Brain natriuretic peptide (BNP) is useful for the evaluation of ventricular dysfunction in patients with various cardiac diseases. However, its diagnostic value has been considered to be limited in patients with chronic renal failure (CRF) because renal dysfunction itself may affect BNP levels. This study is designed to clarify the diagnostic and prognostic value of plasma BNP level in patients with CRF.
In 103 non-dialysis-dependent patients with CRF without heart failure and 60 hypertensive patients with normal renal function, echocardiographic examinations and BNP measurements were performed.
Plasma BNP level was much greater in patients with CRF than in hypertensive controls; however, multiple regression analysis showed that left ventricular (LV) end-diastolic volume (EDV) index (LVEDVI) and the difference in mitral and pulmonary venous atrial wave duration (Ad-PVad), a marker of LV end-diastolic pressure, were independent determinants of plasma BNP levels in patients with CRF. The influence of LV overload (LVEDVI > or = 75 mL/m 2 and/or Ad-PVad < 0 milliseconds) on plasma BNP levels in subjects with CRF was independent of the severity of renal dysfunction. From Kaplan-Meier event-free curves (mean follow-up, 13 months), the incidence of heart failure was much greater in patients with a plasma BNP level of 150 pg/mL or greater (P < 0.001). By means of multivariate Cox regression analysis, high plasma BNP level was the strongest predictor for heart failure events (hazard ratio, 6.31; P < 0.001).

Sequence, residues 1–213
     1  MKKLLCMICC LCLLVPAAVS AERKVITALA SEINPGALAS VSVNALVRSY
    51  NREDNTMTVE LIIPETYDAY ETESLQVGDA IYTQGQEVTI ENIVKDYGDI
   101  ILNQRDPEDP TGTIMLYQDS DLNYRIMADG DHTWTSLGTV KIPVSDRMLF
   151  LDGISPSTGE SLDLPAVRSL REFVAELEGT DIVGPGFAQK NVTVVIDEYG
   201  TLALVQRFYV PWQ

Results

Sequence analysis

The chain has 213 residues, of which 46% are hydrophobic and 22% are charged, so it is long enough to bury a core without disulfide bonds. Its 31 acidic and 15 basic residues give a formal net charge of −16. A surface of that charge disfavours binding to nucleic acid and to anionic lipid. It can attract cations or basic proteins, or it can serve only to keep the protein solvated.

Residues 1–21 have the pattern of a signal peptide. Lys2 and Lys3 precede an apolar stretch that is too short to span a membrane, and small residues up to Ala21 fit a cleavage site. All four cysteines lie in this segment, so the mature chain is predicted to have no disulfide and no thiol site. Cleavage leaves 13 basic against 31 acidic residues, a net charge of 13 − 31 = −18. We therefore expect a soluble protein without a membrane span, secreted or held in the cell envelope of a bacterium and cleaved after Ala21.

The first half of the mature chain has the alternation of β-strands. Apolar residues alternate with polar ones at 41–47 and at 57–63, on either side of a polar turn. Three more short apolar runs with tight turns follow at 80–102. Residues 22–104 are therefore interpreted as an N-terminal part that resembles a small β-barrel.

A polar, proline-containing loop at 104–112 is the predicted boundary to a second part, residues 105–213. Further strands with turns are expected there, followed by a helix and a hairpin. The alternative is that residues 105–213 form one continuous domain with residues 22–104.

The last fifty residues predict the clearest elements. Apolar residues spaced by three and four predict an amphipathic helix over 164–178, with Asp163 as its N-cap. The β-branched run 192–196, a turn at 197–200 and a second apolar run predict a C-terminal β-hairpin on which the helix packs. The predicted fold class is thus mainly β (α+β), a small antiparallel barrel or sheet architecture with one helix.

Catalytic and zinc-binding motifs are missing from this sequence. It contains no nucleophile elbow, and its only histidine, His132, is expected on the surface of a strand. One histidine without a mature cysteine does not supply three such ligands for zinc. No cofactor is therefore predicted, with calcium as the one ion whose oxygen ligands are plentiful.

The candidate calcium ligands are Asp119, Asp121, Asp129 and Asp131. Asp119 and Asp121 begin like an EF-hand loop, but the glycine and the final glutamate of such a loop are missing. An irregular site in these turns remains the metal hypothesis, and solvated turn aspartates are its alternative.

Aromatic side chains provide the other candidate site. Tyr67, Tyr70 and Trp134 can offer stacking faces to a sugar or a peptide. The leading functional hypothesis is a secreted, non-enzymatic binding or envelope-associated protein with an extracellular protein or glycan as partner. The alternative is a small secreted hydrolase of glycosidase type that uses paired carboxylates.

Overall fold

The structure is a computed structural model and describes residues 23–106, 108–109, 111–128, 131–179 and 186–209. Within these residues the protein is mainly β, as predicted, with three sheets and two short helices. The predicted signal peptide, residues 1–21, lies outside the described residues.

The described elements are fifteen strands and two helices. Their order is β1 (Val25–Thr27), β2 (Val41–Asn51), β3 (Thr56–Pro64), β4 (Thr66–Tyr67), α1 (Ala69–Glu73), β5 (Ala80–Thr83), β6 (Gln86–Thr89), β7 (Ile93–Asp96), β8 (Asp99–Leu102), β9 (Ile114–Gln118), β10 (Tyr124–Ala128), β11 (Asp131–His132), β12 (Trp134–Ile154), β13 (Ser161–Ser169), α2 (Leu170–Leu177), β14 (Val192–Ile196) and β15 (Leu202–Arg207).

These findings support plasma BNP level as a reliable marker of LV overload, even in nondialysis patients with CRF. Also, a high BNP level (> or =150 pg/mL) may have powerful predictive potential for heart failure in these patients.